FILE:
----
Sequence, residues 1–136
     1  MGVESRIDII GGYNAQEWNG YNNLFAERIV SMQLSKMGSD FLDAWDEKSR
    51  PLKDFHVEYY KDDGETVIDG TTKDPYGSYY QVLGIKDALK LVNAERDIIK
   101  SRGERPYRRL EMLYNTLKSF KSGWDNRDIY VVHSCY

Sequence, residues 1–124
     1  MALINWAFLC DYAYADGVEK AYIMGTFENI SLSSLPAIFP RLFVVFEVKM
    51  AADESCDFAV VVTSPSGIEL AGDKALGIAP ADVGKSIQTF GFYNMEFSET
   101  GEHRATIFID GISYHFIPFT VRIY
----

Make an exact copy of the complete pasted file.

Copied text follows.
Sequence, residues 1–136
     1  MGVESRIDII GGYNAQEWNG YNNLFAERIV SMQLSKMGSD FLDAWDEKSR
    51  PLKDFHVEYY KDDGETVIDG TTKDPYGSYY QVLGIKDALK LVNAERDIIK
   101  SRGERPYRRL EMLYNTLKSF KSGWDNRDIY VVHSCY

Sequence, residues 1–124
     1  MALINWAFLC DYAYADGVEK AYIMGTFENI SLSSLPAIFP RLFVVFEVKM
    51  AADESCDFAV VVTSPSGIEL AGDKALGIAP ADVGKSIQTF GFYNMEFSET
   101  GEHRATIFID GISYHFIPFT VRIY